DP10635 Central Bank Balance Sheets: Expansion and Reduction since 1900
|Author(s):||Niall Ferguson, Andreas Schaab, Moritz Schularick|
|Publication Date:||May 2015|
|Keyword(s):||balance sheets, central banks, financial sector, monetary policy, public debt|
|JEL(s):||E31, E52, E58, N10|
|Programme Areas:||International Macroeconomics, Economic History|
|Link to this Page:||cepr.org/active/publications/discussion_papers/dp.php?dpno=10635|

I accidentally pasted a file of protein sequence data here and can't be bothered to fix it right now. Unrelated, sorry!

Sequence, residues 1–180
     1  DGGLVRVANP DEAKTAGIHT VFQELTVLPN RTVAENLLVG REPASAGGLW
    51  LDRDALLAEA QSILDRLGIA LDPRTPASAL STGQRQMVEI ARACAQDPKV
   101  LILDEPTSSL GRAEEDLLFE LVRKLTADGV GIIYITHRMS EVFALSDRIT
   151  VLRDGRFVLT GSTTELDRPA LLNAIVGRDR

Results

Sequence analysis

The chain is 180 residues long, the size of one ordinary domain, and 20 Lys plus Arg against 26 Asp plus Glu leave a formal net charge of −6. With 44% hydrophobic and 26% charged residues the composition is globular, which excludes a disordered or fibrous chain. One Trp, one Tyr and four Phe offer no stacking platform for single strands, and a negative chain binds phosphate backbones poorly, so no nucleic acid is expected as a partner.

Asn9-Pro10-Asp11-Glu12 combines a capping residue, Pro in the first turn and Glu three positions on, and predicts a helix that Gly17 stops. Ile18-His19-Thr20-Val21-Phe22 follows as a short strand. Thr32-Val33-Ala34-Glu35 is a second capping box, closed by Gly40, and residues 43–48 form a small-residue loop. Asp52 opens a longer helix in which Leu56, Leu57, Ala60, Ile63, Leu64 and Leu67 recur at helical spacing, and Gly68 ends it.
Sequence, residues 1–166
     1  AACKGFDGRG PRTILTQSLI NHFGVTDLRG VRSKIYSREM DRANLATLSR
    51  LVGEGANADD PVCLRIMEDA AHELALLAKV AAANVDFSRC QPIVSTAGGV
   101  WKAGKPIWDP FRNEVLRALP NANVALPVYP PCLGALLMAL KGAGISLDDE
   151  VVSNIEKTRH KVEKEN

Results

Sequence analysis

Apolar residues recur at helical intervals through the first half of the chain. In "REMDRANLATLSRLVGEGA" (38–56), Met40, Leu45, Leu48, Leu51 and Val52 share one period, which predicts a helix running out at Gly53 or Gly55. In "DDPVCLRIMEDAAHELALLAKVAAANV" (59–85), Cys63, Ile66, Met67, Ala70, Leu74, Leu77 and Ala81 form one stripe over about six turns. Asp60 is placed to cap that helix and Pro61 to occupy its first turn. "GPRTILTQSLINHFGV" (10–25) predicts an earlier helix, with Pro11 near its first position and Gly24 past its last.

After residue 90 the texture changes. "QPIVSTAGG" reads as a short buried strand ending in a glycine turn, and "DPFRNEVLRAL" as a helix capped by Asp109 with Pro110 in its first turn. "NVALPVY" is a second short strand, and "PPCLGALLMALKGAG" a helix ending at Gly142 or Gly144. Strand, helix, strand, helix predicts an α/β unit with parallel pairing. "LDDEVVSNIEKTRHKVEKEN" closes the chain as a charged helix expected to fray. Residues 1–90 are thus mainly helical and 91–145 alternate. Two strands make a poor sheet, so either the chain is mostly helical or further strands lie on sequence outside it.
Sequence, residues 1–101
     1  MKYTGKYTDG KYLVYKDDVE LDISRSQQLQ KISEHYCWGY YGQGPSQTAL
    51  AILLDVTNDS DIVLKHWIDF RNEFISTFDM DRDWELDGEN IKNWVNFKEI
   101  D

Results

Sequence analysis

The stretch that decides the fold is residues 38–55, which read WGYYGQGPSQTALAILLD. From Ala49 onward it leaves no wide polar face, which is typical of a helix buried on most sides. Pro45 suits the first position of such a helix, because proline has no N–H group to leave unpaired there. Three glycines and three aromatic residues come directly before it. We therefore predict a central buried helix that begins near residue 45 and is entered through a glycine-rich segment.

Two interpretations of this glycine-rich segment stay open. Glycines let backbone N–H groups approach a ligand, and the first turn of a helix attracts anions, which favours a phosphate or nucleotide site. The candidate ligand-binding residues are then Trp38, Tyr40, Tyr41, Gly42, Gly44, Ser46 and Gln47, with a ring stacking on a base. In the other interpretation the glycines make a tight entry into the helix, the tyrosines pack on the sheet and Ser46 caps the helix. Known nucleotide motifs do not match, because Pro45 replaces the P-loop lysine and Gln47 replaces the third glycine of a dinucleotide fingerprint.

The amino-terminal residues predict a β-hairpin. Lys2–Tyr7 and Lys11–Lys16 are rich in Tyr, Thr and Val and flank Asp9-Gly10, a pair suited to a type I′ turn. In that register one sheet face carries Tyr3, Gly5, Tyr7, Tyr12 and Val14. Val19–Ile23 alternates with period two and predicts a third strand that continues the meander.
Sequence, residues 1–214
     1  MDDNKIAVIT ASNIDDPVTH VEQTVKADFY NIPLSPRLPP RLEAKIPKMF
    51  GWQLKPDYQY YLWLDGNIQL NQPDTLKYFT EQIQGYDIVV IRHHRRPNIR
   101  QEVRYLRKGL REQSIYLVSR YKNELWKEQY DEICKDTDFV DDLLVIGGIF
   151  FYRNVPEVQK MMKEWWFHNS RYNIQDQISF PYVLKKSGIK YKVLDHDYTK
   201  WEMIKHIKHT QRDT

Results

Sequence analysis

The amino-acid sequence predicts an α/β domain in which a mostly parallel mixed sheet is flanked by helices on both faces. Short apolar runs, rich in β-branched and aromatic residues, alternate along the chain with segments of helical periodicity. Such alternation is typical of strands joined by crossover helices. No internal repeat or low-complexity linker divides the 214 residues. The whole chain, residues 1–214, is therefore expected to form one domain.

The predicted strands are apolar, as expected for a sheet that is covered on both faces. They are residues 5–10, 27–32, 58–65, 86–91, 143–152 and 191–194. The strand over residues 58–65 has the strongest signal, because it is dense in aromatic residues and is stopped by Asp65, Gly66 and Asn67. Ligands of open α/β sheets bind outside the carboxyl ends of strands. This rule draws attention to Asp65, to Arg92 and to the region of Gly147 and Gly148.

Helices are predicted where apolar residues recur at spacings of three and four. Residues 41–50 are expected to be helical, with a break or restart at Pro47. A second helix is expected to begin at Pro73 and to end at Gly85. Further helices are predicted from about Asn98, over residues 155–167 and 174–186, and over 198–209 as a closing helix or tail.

In this paper we study the evolution of central banks? balance sheets in 12 advanced economies since 1900. We present a new dataset assembled from a wide array of historical sources. We find that balance sheet size in most developed countries has fluctuated within rather clearly defined bands relative to output. Historically, clusters of big expansions and contractions of balance sheets have been associated with periods of geopolitical or financial crisis. This explains the co-movement between the size of central bank balance sheets and public debt levels in the past century. Relative to the size of the financial sector, moreover, central bank balance sheets had shrunk dramatically in the three decades preceding the global financial crisis. By that yardstick, their recent expansion partly marks a return to earlier levels. Some of the recent increase could therefore prove to be permanent if the financial sector maintains permanently higher liquidity ratios.